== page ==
The IUP Journal of English Studies
Learner Immunity in an EFL Context: A Qualitative Case Study of Iranian University Students Majoring in English

Article Details
Pub. Date : Jun, 2019
Product Name : The IUP Journal of English Studies
Product Type : Article
Product Code : IJES91906
Author Name : Laila Samavarchi, Azar Fatemi Hosseini, and Behzad Ghonsooly
Availability : YES
Subject/Domain : English Studies
Download Format : PDF Format
No. of Pages : 21



Even though English is not the primary or even secondary source of communication in Iran, it is considered as a language of high importance due to several reasons. Iranian EFL (English as a Foreign Language) learners experience a kaleidoscope of feelings and emotions ranging from extremely positive to highly negative to neutral. Considering that EFL learners encounter such feelings and emotions consciously or subconsciously, this study introduces the term “language learner immunity” to incorporate the notion of EFL learners’ ability to overcome psychological barriers such as demotivation and stress. They do so by shielding themselves with a protective armor, i.e., learner immunity, which in turn might lead to effective language learning. To this end, twelve Iranian university students majoring in English were interviewed in-depth in an attempt to gain a deep insight into their experiences. The data were then qualitatively analyzed by a thorough process of coding and memoing. Based on the analysis, language learner immunity was broken down into five categories depending on the extent to which the learners were immunized.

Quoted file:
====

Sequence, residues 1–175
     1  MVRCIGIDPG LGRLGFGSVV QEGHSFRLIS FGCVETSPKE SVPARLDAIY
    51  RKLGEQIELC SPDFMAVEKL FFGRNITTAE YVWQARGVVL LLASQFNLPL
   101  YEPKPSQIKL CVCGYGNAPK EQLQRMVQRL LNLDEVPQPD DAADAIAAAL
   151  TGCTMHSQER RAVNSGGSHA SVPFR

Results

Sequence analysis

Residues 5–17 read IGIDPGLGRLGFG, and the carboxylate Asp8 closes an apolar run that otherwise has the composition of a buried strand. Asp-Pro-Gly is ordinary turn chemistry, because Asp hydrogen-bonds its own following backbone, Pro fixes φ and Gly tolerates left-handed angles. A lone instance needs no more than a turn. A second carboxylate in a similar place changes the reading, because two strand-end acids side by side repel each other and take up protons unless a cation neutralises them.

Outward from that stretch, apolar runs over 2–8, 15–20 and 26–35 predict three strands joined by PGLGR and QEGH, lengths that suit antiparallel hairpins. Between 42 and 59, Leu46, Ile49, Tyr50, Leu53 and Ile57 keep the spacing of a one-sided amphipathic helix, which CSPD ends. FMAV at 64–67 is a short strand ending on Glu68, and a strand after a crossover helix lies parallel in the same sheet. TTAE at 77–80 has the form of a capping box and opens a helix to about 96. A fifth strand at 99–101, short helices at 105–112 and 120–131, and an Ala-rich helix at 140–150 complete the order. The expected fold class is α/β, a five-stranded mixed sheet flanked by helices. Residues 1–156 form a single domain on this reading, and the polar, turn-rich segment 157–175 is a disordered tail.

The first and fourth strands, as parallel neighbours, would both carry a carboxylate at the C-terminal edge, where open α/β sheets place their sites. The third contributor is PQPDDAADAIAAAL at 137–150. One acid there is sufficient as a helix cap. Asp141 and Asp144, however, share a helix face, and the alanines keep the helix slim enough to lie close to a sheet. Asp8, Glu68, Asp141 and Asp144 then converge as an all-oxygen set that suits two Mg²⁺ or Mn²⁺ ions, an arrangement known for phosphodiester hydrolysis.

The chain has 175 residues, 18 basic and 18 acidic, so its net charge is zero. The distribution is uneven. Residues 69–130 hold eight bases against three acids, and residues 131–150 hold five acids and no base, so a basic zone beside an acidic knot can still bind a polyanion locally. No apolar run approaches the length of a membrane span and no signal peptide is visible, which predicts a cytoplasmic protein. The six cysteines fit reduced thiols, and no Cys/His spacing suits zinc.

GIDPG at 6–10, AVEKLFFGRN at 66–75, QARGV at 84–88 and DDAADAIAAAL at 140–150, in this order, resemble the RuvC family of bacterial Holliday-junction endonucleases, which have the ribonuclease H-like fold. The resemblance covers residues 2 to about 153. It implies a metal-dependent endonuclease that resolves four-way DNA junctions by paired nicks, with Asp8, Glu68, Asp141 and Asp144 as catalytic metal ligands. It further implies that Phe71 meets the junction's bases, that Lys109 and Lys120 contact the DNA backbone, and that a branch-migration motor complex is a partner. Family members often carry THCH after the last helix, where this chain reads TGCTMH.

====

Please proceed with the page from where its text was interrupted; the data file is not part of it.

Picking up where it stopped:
English has been recognized as an international language and as a lingua franca (Brutt- Griffler 2002), and its prevailing influence on different aspects of a person’s life has made it all the more important to be learned. According to Hosseini and Jafari (2014), the twofold purpose of learning English in a foreign language context like that of Iran is: firstly, it is considered as an extremely important means of achieving higher education, and furthermore, it is considered as a way to gain entry into the foreign world and is strongly associated with traveling out of the country (Piller 2010). Despite its generally accepted usefulness, it has been observed that learners tend to lose their motivation or feel burnt-out through the process of learning it. In cases where English is compulsory, they are obliged to attend classes and complete the required courses, whereas in situations where it is not compulsory to be learned, some learners tend to just drop out.